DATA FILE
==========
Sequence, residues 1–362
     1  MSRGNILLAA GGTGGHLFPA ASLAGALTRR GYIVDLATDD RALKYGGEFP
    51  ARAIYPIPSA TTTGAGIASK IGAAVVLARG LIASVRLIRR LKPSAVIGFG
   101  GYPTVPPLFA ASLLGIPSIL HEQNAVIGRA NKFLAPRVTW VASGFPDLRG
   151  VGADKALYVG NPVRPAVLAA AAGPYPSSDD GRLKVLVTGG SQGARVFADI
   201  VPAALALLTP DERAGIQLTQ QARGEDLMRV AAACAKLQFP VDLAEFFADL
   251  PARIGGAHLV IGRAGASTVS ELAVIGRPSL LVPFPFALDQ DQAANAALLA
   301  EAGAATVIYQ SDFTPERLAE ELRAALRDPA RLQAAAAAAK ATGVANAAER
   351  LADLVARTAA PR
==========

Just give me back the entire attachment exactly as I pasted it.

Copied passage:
Sequence, residues 1–362
     1  MSRGNILLAA GGTGGHLFPA ASLAGALTRR GYIVDLATDD RALKYGGEFP
    51  ARAIYPIPSA TTTGAGIASK IGAAVVLARG LIASVRLIRR LKPSAVIGFG
   101  GYPTVPPLFA ASLLGIPSIL HEQNAVIGRA NKFLAPRVTW VASGFPDLRG
   151  VGADKALYVG NPVRPAVLAA AAGPYPSSDD GRLKVLVTGG SQGARVFADI
   201  VPAALALLTP DERAGIQLTQ QARGEDLMRV AAACAKLQFP VDLAEFFADL
   251  PARIGGAHLV IGRAGASTVS ELAVIGRPSL LVPFPFALDQ DQAANAALLA
   301  EAGAATVIYQ SDFTPERLAE ELRAALRDPA RLQAAAAAAK ATGVANAAER
   351  LADLVARTAA PR